HomeNewsBriefMexico State Oil Workers Involved in Fuel Theft: Police
BRIEF

Mexico State Oil Workers Involved in Fuel Theft: Police

MEXICO / 9 JAN 2017 BY JAMES BARGENT EN

As Mexico is rocked by protests against a hike in fuel prices, authorities have highlighted the collusion and corruption facilitating the fuel theft that costs the Mexican state oil company hundreds of millions of dollars every year.

The technical knowledge required to carry out oil thefts by tapping pipelines suggests the collusion of insiders at Petróleos Mexicanos, better known as Pemex, according to General Benjamin Grajeda Regalado, the head of the Gendarmerie division of Mexico's Federal Police.

"The people that do these clandestine siphons certainly must have knowledge of how to bore into the pipes and fix the valves," the general told El Universal.

Grajeda Regalado's allegations were echoed by security expert Martin Íñiguez, who told El Universal the oil theft trade involves the collusion of major organized crime networks, Pemex workers and corrupt local officials.

"There are local mayors who, with their own police officers, protect the members of organized crime groups that carry out this theft. They are associated with people from Pemex, with elements from the municipal, state and federal police and no doubt even the governors themselves," Íñiguez said.

Between 2006 and 2015, 123 Pemex workers and 12 former workers were arrested on charges of fuel theft, according to El Universal. In the past several years, the Mexican government has opened thousands of investigations of oil theft, though relatively few resulted in convictions.

Pemex estimates thieves steal around $1.4 billion of gasoline a year. The most recent figures available suggest the number of clandestine pipeline taps discovered continued to rise in 2016. After leaping from the 1,635 discovered in 2010 to 5,252 in 2015, Pemex recorded in 2,221 in the first five months of 2016.

In an effort to combat the trade, Pemex has recently acquired a raft of new high-tech military monitoring equipment from Israel, reported Milenio.

InSight Crime Analysis

Over the last week, Mexico has plunged into a social crisis after President Enrique Peña Nieto's announcement of a 20 percent rise in fuel prices sparked angry -- and occasionally deadly -- protests across the country.

The announcement lit the fuse of an already heated situation linked to fuel thefts. In December, Mexicans faced widespread fuel shortages, which authorities blamed partially on a sudden increase in fuel theft, the New York Times reported.

SEE ALSO: Coverage of Oil Theft

Although Peña Nieto has said the price hike is to bring fuel prices in line with international market value rather than to make up for losses from theft, the ongoing failure to slow the rise of theft and resale of oil only heightens the sense of a government struggling to exert control over a critical natural resource sector.

share icon icon icon

Was this content helpful?

We want to sustain Latin America’s largest organized crime database, but in order to do so, we need resources.

DONATE

What are your thoughts? Click here to send InSight Crime your comments.

We encourage readers to copy and distribute our work for non-commercial purposes, with attribution to InSight Crime in the byline and links to the original at both the top and bottom of the article. Check the Creative Commons website for more details of how to share our work, and please send us an email if you use an article.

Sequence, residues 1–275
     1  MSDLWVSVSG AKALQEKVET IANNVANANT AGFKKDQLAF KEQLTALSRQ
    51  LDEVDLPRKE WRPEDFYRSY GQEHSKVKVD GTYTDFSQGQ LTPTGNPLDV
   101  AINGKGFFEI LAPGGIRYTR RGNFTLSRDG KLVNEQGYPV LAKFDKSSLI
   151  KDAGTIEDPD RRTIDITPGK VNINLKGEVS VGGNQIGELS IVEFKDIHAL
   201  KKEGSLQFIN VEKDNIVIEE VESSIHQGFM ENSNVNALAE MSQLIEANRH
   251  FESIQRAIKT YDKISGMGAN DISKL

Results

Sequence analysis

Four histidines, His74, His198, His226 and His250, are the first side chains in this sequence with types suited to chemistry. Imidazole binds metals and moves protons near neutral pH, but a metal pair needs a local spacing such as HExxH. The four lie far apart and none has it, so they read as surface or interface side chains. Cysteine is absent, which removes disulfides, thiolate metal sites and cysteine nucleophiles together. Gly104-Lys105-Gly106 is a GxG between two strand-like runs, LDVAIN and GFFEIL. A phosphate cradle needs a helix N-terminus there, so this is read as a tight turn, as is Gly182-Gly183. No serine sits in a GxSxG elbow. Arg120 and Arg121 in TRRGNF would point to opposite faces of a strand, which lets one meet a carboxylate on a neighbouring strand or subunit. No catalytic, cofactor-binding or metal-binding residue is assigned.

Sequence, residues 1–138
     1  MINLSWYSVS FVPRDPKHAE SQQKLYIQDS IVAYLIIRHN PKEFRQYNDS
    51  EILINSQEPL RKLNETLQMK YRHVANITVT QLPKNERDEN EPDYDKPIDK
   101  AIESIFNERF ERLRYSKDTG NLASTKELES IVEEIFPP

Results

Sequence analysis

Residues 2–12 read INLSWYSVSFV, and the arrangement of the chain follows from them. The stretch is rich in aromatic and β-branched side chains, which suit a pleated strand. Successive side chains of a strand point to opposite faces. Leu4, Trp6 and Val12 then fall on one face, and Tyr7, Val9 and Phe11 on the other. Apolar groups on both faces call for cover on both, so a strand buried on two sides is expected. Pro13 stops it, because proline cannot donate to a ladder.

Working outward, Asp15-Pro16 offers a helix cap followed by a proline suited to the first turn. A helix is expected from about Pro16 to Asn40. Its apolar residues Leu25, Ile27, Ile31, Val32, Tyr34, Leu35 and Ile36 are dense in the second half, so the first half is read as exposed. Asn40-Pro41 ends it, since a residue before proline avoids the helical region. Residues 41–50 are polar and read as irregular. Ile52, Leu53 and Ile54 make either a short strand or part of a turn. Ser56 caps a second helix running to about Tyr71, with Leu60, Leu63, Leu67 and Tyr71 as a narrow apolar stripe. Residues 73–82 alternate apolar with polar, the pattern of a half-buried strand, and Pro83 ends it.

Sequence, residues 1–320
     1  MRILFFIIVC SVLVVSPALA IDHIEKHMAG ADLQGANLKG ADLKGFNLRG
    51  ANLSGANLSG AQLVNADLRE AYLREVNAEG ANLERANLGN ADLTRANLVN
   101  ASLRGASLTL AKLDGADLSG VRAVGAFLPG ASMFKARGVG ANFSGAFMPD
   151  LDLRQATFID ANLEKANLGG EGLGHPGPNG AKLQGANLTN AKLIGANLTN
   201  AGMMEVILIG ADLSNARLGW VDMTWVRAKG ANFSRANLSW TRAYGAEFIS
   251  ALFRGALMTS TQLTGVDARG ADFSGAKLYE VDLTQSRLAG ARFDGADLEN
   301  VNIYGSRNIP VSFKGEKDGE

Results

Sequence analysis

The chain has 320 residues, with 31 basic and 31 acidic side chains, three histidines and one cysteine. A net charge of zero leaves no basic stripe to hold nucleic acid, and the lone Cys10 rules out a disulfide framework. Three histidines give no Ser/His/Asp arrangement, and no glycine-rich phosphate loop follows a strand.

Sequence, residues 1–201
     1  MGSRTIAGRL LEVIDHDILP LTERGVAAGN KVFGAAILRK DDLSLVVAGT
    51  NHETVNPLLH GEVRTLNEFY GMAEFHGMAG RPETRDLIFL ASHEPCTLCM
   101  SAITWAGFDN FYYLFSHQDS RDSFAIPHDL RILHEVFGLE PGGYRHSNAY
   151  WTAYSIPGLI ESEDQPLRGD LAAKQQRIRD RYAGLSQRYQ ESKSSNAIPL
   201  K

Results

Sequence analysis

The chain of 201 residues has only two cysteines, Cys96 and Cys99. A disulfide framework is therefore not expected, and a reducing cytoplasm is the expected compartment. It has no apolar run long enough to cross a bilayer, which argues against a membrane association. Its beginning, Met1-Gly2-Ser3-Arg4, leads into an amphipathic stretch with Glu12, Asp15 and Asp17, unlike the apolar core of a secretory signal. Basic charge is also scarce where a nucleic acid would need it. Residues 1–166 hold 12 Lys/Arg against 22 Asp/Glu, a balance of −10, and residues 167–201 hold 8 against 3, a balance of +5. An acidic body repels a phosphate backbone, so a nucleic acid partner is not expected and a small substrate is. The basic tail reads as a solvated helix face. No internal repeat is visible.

Was this content helpful?

We want to sustain Latin America’s largest organized crime database, but in order to do so, we need resources.

DONATE

Related Content

CONTRABAND / 8 JUN 2022

The Jalisco is allegedly powering the production of 12 percent of all Mexican-made illicit cigarettes, stepping up efforts across the…

MEXICO / 25 MAY 2021

The Cárteles Unidos was formed by the Cartel de Tepalcatepec, the Viagras, and others, to combat the Jalisco Cartel in…

EXTORTION / 7 OCT 2021

Despite the pandemic’s economic fallout being felt throughout the Riviera Maya, cartels have continued their extortion schemes in Mexico's popular…

About InSight Crime

THE ORGANIZATION

Escaping Barrio 18

27 JAN 2023

Last week, InSight Crime published an investigation charting the story of Desafío, a 28-year-old Barrio 18 gang member who is desperate to escape gang life. But there’s one problem: he’s…

THE ORGANIZATION

Europe Coverage Makes a Splash

20 JAN 2023

Last week, InSight Crime published an analysis of the role of Amsterdam’s Schiphol Airport as an arrival hub for cocaine and methamphetamine from Mexico.  The article was picked up by…

THE ORGANIZATION

World Looks to InSight Crime for Mexico Expertise

13 JAN 2023

Our coverage of the arrest of Chapitos’ co-founder Ovidio Guzmán López in Mexico has received worldwide attention.In the UK, outlets including The Independent and BBC…

THE ORGANIZATION

InSight Crime Shares Expertise with US State Department

16 DEC 2022

Last week, InSight Crime Co-founder Steven Dudley took part in the International Anti-Corruption Conference organized by the US State Department’s Bureau of Democracy, Human Rights, & Labor and…

THE ORGANIZATION

Immediate Response to US-Mexico Marijuana Investigation

9 DEC 2022

InSight Crime’s investigation into how the legalization of marijuana in many US states has changed Mexico’s criminal dynamics made a splash this week appearing on the front page of…